This was inspired by a blog post by Darius I read on I Believe in Story. I typed a whole long response into the comments and then something happened and I lost it all, so I thought I would reiterate it here and add in some more. If you haven’t read Darius’s post yet, I suggest you do that first, because he explains roleplaying beautifully (for those unfamiliar). So because he covered the intro I’m just going to dive right in.
I’m currently actively playing three roleplaying games and so I have three different characters:
Dixie the Pixie – an all time favourite of mine, Dixie is precocious as hell and powerful to boot. She can fly, turn invisible and change into any creature between the size of a mouse and a hippo at will. She’s short and cute and she’ll press any button in her path, or use any magic item she can get her hands on with no thought for the consequence because she’s just a crazy kind of gal.
Nectar Sweetums – Nectar is a sixteen year-old paladin halfling. She fights for freedom from oppression and lives for adventure. Her mother was an adventurer (now retired) and Nectar is taking up the banner and venturing out in the world. She tries to do what’s right and makes mistakes along the way, but like any good paladin she will fight the good fight until her dying breath.
Ophelia – she’s a dark, mysterious, broody teenager who pretends she lives in the graveyard when she really lives in her parent’s mansion and is a secret bronie. She’s selfish and obsessed with the dark power (demon) who gives her anything she asks for…for a price…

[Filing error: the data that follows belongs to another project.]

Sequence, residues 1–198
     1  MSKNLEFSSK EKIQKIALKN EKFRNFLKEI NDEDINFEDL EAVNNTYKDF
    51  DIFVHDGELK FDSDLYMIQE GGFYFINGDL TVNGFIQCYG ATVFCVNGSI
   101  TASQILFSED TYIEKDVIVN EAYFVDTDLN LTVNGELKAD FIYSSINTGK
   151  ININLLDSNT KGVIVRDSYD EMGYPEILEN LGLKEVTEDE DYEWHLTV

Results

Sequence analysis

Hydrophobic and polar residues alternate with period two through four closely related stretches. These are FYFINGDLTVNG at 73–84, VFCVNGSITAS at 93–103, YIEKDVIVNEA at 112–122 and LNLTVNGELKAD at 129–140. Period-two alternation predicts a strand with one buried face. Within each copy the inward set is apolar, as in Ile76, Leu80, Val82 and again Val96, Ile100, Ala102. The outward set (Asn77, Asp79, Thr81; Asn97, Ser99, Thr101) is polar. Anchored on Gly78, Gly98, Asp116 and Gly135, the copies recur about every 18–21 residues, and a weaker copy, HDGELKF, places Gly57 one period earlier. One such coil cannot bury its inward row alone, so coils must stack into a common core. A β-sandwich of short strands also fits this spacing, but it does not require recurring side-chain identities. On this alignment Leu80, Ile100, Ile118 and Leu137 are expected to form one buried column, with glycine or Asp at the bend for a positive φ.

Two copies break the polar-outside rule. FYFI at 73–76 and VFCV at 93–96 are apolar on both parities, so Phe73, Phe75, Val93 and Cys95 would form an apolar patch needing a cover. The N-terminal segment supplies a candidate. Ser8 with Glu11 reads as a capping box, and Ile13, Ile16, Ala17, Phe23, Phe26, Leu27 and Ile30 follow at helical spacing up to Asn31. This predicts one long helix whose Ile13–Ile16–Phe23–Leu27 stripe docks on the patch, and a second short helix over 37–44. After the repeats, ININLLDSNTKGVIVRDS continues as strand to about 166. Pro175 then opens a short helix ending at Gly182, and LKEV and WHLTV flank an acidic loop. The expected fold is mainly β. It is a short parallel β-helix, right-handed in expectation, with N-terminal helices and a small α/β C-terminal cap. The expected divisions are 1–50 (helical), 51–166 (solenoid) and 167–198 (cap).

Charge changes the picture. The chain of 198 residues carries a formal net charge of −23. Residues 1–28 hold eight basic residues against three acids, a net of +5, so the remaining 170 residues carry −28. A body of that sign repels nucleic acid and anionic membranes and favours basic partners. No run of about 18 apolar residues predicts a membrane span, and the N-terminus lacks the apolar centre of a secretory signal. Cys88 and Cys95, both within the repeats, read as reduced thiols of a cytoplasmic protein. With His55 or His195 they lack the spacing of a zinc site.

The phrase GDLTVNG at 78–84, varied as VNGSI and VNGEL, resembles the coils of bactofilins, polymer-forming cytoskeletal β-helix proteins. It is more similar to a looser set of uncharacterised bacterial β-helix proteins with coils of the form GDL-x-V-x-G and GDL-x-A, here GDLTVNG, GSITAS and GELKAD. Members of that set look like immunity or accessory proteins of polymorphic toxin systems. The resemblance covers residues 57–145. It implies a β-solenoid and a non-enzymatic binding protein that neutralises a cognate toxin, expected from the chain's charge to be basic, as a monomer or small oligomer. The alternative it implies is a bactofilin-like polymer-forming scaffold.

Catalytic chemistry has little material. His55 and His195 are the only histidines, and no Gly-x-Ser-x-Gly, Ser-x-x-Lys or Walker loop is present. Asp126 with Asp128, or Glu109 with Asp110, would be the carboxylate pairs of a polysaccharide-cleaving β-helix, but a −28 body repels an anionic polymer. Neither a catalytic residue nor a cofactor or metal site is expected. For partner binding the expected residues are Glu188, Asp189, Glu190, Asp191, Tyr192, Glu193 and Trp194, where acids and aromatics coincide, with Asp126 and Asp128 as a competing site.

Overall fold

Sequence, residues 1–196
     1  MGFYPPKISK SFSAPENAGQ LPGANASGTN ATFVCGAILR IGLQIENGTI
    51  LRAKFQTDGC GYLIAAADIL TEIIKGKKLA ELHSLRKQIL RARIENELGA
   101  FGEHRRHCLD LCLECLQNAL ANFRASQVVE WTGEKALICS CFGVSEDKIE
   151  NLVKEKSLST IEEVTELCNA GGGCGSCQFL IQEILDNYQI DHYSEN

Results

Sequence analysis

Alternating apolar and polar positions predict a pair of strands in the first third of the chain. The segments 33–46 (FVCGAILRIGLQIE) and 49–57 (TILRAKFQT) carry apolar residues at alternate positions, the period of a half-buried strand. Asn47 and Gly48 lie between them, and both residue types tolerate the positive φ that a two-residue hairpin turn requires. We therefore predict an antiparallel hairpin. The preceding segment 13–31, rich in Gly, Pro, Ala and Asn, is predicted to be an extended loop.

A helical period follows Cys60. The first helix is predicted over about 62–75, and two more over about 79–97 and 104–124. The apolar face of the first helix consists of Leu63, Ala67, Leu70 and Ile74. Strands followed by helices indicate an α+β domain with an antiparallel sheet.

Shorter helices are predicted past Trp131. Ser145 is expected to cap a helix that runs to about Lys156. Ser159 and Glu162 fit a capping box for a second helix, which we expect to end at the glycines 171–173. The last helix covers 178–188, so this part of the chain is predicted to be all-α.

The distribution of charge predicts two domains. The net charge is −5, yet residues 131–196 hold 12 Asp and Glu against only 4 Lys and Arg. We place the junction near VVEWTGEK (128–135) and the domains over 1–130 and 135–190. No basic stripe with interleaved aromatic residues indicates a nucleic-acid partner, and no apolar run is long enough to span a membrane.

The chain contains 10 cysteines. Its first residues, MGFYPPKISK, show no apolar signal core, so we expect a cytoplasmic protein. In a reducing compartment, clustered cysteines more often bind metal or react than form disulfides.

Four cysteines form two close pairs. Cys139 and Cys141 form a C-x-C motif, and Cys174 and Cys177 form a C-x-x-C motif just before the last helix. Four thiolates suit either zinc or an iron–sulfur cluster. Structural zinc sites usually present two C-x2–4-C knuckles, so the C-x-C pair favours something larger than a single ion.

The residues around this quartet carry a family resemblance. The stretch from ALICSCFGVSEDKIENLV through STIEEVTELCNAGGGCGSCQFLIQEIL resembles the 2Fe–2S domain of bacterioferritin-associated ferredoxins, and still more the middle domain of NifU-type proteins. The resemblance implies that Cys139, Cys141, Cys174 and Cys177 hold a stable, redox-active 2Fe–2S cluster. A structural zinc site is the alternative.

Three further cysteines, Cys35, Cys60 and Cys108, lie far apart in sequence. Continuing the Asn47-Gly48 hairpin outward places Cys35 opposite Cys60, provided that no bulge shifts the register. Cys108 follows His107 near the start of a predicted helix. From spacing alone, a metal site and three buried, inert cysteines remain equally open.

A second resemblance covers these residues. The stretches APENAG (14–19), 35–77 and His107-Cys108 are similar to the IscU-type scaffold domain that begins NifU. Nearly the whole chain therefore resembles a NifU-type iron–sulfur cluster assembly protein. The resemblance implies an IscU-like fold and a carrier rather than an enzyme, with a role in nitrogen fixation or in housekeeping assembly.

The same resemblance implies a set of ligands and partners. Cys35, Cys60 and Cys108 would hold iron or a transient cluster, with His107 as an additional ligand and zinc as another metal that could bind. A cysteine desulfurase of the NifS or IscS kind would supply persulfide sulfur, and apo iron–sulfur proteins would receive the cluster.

Three characters, three personalities, a million different choices.
What I love about roleplaying is that it’s liberating. For the hour (or six) you are playing, you can be someone else entirely. You are transported to a rich, exciting world of the imagination and you get to occupy someone else’s head space…sound familiar?
I guess I love roleplaying so much because I love writing. I love trying out different characters, exploring their choices and mistakes and ultimately (usually) helping them overcome and grow into heroes.
Because I have a rudimentary grasp on the concept of story arcs and character development, I find that the lessons I take from roleplaying aren’t so much technical as emotional.
Ideas aren’t finite
The first and most important lesson for me is about concept development. When I’m playing a character I’m often asked to describe a scene or a person by the DM (Dungeon Master). This helps me feel involved in co-building the world, but sometimes it makes me panic. What if I don’t have a clue what a place looks like? What if I create one great character and I’m never able to create another one again? This is similar to the process I go through with my writing. I’m always terrified that I’ll run out of ideas, that my most recently penned story was the last and I’ll never have a good idea again. Obvious nonsense, but still it plagues me and that’s where I find roleplaying helpful. I’m asked to make choices so instantaneously that I don’t have time to think (or more specifically panic) and the ideas just flow. Roleplaying helps me to remember that ideas aren’t a finite commodity, I’m actually full of them.
Saying yes is best
Sometimes it’s easier to say no. No to adventure, no to risk. Maybe in real life there’s a reason, but saying no in a game just doesn’t make as much sense. So what if the guy you met on the road to the next kingdom looks a little shady, doesn’t it make the story better to follow him into the woods? So what if that woman crying in the distant hills might be a trap? Aren’t you just a little curious? I find roleplaying teaches me the art of saying yes and that starts to translate into my fiction too. What would happen if I let me characters say yes more often? It doesn’t just apply to writing either. How many more interesting experiences would you have had if you just said yes instead of no? There are limits obviously, but emotionally I find roleplaying cracks me open and makes me more of a yes girl, which is a state I like to be in when writing, playing or sometimes even living!
Do you role play and write?
What emotional (or technical) lessons have you learned?